44 Names from 1917 You Should Use Now!
By Linda Rosenkrantz
In the baby-name world there’s something called the 100-Year-Rule, the theory that it takes a century for names to be ready to make a comeback. That timeframe has shrunk considerably, with the resurgence of names from the fifties, sixties and even later, that is happening right now.
But every year we do like to look back at the names from a century ago, to dig for Top 500 examples that haven’t made it back to the current Top 1000 (actually two years short since we’re still looking at 2015) , but have the potential to do so. And for good measure, we’ll add the names that are in that same position now.
Cecile (#476) We’ve welcomed back Celia and Cecilia and Cecily, but equally sweet Cecile, once as high as 222, has been left behind. Despite its dash of French flair, Cecile has been off the list since the sixties. Appearing at 476 today: the Biblical Talia.
Cleo (189) There was a craze for all things Egyptian in the late 1910s and 20s, which brought Cleo into the Top 200. It’s sleek, exotic and usable today. #189 now: Tiffany, a name unheard of a century ago, though Tiffany & Co had been open since 1837.
Consuelo (494) Sophisticated and glamorous, this name was once associated with high society via railroad heiress Consuelo Vanderbilt. A Spanish appellation that works well with Anglo surnames, it boasts the stylish o-ending. 494 now: the modern name Destiny
Geneva (113) This attractive European place name was remarkably popular a century ago, given to almost 2000 girls. Current counterpart is Kinsley, a once obscure surname name that has recently risen in popularity, given to 2700+ girls in 2015.
Pauline (33) At its peak in 1917, influenced by the hit silent serial The Perils of Pauline, this sweet and gentle name was given to just under 7000 babies that year, but finally fell off the list a decade ago. Could it make a comeback? Vin Diesel bestowed it on his daughter in memory of his friend and costar, Paul Walker. In 33rd place this century: Zoe, given to almost 6000 girls in 2015, and still rising.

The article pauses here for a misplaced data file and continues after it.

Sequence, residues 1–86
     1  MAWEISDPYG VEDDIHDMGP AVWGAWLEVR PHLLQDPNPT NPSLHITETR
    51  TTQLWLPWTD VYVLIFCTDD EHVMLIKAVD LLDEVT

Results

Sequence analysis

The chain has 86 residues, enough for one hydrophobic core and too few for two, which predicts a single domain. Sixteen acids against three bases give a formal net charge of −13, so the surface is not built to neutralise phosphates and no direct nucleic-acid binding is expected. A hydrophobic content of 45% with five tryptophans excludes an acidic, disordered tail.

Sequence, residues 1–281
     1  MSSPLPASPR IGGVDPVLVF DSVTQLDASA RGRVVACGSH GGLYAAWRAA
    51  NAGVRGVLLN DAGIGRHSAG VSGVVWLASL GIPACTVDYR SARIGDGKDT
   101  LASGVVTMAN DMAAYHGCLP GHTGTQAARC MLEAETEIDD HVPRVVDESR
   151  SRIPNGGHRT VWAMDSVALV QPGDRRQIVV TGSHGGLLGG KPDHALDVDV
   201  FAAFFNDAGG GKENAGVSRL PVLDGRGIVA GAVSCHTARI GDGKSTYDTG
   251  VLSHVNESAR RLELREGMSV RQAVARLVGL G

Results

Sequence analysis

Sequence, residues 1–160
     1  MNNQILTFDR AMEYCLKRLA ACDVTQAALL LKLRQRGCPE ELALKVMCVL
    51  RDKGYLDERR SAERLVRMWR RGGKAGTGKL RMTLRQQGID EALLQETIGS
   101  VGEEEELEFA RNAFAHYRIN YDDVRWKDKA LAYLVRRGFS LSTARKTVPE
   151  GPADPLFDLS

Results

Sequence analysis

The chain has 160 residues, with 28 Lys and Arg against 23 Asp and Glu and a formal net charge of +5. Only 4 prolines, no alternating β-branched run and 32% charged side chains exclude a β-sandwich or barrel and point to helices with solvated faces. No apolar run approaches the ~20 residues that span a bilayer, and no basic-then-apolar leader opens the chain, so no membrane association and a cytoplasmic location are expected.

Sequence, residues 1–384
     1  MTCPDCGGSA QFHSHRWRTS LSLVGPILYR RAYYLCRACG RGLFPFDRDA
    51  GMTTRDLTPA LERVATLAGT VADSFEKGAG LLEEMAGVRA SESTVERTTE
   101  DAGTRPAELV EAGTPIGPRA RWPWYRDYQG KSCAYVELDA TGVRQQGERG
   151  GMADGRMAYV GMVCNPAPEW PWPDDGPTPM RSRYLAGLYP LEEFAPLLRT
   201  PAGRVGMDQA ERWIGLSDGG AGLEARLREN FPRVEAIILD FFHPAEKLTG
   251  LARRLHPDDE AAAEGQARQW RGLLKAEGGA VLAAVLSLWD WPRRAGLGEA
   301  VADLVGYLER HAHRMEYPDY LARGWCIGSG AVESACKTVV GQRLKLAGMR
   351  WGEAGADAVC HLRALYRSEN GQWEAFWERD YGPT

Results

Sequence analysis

Winifred (141)–A vintage classic that has been dearly departed since the 1920s despite appearances in many books and some Disney movies and Jimmy Fallon giving his daughter the adorable nickname name of Winnie. Let’s hope it can still be polished up and restored. Sharing its space currently is the wildly trendy Isla, introduced in the US by actress Isla Fisher.
Zella (365)—A name that has been completely lost to time even in this era of Ellas, Bellas and Stellas, but which could definitely join them. Occupying the same position now: Alicia, the lacier version of classic Alice.
Some other Top 500 girls in 1917 worth a new look:
Ambrose (403) This cheerful saint’s name has already inspired Berries to rank it at #185, but, despite an appearance on American Horror Story, Ambrose still has a long way to go to regain any of the national popularity it lost in the 1940s. An old standard, Russell, holds this place today.
Archie (142) –Archie was a widespread nickname name in the past, more popular on its own than parent name Archibald, but in the US it has yet to find the kinds of admirers it has currently in the UK, where it’s a sky-high #19. Here and now, 142nd place is held by Kingston, the place name chosen by Gwen Stefani for her first son in 2006.
Booker (233) Booker was an honor name celebrating Booker T. Washington, the ex-slave who became an advisor to presidents. No longer on the national list, Booker is #650 on Nameberry and was used by Thandie Newton for her son. It definitely could rise again. The streamlined Cade holds the equal position today.
Claude (98)—This smooth, suave French name was a Top 100 name one hundred years ago and on into the 1920s, dropping off the list entirely in 1994. Associated with great artists (Monet) and composers (Debussy), Claude Blue is the name picked by actor Simon Baker for his son. At 98 right now: the very modern Ryder.
Grover (209) Long before Sesame Street, Grover was considered a respected presidential choice, as Grover Cleveland’s term in had ended just nine years earlier. Now that Hannah on Girls has just chosen Grover for her son, it might serve to further de-Muppetize it. The corresponding name on the latest list: the growing-in-popularity Finn, given to more than 1800 boys.
Hiram (418)—This forgotten Biblical name, unlike cousins Silas and Cyrus, has been on a precipitous slide since its turn-of-the-last-century heyday, despite its friendliest of nickname, Hi. Opposite in feel is energetic contemporary counterpart, Ace.
Roscoe (232)—A popular o-sound-ending name of its day was Roscoe, a quirky moniker that fell off the list in the late 70s, but has already been rediscovered by prescient Berries and is making a comeback in England, so we see it headed for renewed widespread popularity. At #232 now is the sophisticated Brooks, the name of more than 1600 boys born in 2015.
Some more forgotten 1917 Top 500 names to consider: